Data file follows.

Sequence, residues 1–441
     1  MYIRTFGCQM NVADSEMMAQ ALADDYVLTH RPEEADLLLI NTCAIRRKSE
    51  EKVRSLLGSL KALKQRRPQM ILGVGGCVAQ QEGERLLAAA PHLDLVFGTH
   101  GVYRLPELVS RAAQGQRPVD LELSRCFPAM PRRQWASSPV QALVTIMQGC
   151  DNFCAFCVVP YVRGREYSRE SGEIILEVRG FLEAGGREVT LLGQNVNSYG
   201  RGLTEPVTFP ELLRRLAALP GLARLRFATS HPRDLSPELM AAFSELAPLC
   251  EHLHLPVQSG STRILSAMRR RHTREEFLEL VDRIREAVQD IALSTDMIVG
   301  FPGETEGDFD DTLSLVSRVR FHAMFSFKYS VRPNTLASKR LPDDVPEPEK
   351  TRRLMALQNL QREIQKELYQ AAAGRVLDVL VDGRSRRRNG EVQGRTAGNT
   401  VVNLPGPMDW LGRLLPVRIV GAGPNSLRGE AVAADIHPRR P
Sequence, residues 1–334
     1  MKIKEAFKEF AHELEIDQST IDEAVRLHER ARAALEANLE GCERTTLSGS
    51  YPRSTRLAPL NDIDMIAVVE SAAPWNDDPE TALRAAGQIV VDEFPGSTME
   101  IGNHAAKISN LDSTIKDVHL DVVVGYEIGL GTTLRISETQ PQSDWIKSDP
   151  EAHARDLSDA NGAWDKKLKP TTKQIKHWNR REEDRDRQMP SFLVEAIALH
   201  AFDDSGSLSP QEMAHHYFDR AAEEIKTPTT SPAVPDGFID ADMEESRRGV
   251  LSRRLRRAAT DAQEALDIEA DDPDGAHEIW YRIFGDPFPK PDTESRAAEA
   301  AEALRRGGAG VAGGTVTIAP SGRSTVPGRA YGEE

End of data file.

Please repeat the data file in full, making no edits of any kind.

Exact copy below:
Sequence, residues 1–441
     1  MYIRTFGCQM NVADSEMMAQ ALADDYVLTH RPEEADLLLI NTCAIRRKSE
    51  EKVRSLLGSL KALKQRRPQM ILGVGGCVAQ QEGERLLAAA PHLDLVFGTH
   101  GVYRLPELVS RAAQGQRPVD LELSRCFPAM PRRQWASSPV QALVTIMQGC
   151  DNFCAFCVVP YVRGREYSRE SGEIILEVRG FLEAGGREVT LLGQNVNSYG
   201  RGLTEPVTFP ELLRRLAALP GLARLRFATS HPRDLSPELM AAFSELAPLC
   251  EHLHLPVQSG STRILSAMRR RHTREEFLEL VDRIREAVQD IALSTDMIVG
   301  FPGETEGDFD DTLSLVSRVR FHAMFSFKYS VRPNTLASKR LPDDVPEPEK
   351  TRRLMALQNL QREIQKELYQ AAAGRVLDVL VDGRSRRRNG EVQGRTAGNT
   401  VVNLPGPMDW LGRLLPVRIV GAGPNSLRGE AVAADIHPRR P
Sequence, residues 1–334
     1  MKIKEAFKEF AHELEIDQST IDEAVRLHER ARAALEANLE GCERTTLSGS
    51  YPRSTRLAPL NDIDMIAVVE SAAPWNDDPE TALRAAGQIV VDEFPGSTME
   101  IGNHAAKISN LDSTIKDVHL DVVVGYEIGL GTTLRISETQ PQSDWIKSDP
   151  EAHARDLSDA NGAWDKKLKP TTKQIKHWNR REEDRDRQMP SFLVEAIALH
   201  AFDDSGSLSP QEMAHHYFDR AAEEIKTPTT SPAVPDGFID ADMEESRRGV
   251  LSRRLRRAAT DAQEALDIEA DDPDGAHEIW YRIFGDPFPK PDTESRAAEA
   301  AEALRRGGAG VAGGTVTIAP SGRSTVPGRA YGEE